But in the fact the opposite of death will happen – that is, death in any ultimately meaningful sense. The deep transformation that Lewis has in mind here purges the heart of evil and frees us to be our true selves as God intended us to be. And in the process – as the dragon scales are coming off or as the lizard is writhing in the throes of death or as we take those first tentative steps toward the Living Water that quenches all thirst – we experience even deeper within us a release, new breath, cleansing. And of course on the other side, once our thirst is quenched and the ugly skin is cast off and the reptile ripped off our backs, oh what joy await on the other side.

We see this idea echoed in the Bible. Jesus calls those who would follow him to deny themselves and take up their crosses – implements of torture and execution – and the writer of Hebrews notes that He suffered while being tempted. Paul describes a similar death-to-self experience in his letter to the Galatians, writing that “I have been crucified with Christ. It is no longer I who live, but Christ who lives in me.” And Peter connects suffering to the purging of evil when he writes that “whoever has suffered in the flesh has ceased from sin.”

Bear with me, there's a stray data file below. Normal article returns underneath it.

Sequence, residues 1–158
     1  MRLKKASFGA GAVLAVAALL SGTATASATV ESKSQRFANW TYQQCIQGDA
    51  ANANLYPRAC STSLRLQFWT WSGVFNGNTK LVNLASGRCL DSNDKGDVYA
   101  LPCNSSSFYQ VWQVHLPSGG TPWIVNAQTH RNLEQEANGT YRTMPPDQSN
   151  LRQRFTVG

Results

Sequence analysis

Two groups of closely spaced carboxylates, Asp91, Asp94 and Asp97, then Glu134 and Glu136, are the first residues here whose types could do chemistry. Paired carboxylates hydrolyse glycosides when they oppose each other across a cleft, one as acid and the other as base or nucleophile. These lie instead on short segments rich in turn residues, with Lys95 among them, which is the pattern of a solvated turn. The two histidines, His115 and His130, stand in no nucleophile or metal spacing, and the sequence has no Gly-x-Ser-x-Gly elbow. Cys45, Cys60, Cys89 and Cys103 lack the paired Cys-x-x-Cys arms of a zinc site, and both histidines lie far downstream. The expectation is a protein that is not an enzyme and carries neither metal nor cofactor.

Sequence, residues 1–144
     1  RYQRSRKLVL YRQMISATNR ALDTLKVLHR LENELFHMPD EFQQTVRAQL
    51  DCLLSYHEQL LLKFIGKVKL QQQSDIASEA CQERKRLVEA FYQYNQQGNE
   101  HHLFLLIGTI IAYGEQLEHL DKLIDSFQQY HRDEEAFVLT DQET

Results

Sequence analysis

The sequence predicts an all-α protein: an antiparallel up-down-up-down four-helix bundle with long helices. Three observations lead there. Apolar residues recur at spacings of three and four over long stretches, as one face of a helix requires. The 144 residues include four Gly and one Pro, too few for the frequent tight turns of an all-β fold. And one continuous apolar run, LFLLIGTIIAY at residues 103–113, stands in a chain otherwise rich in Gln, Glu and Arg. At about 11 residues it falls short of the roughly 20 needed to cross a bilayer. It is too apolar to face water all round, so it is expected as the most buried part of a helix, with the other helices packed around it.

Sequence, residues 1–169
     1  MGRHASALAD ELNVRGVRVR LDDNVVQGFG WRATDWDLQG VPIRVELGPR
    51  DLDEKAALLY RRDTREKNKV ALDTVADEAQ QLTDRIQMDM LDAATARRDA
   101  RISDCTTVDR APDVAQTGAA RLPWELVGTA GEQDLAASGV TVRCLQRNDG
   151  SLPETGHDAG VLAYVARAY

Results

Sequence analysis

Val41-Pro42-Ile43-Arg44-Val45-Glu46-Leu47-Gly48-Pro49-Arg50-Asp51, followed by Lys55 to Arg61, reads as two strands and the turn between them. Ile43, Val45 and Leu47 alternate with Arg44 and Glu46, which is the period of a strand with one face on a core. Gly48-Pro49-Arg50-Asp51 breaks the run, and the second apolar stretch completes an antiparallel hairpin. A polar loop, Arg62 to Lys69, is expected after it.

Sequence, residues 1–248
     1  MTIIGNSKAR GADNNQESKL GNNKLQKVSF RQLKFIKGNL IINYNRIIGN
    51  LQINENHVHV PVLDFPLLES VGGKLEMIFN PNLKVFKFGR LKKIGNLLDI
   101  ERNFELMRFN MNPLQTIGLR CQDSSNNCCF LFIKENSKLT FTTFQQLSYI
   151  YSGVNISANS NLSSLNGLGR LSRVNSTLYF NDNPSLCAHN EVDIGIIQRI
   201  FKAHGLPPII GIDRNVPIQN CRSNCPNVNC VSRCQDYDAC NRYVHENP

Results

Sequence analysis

If you would know your Maker in spirit and truth, you must be willing to suffer whatever it takes – any agony and any price. That means allowing God to carve out parts of you that seem integral to your identity, parts that may feel second-nature to you – those parts that you feel you can’t live without even though they keep you bogged down in a wretched mediocrity. There’s no other way to find true, unspoiled, unblemished life.

The heresy of Noah, and why it’s still a good movie

What happens when you take the Messiah out of the creation story.

Darren Aronofsky’s film Noah has been analyzed and debated ad nauseam by critics and bloggers in Christian circles. I suppose given its biblical source material, everyone felt a need to weigh in. Normally I wouldn’t presume to try to add another voice to a subject so thoroughly flogged (and now approaching ancient history, in internet terms). But there’s a simple way of framing Noah that I have yet to see presented.

It is this:

The film tells the story of Noah without Jesus.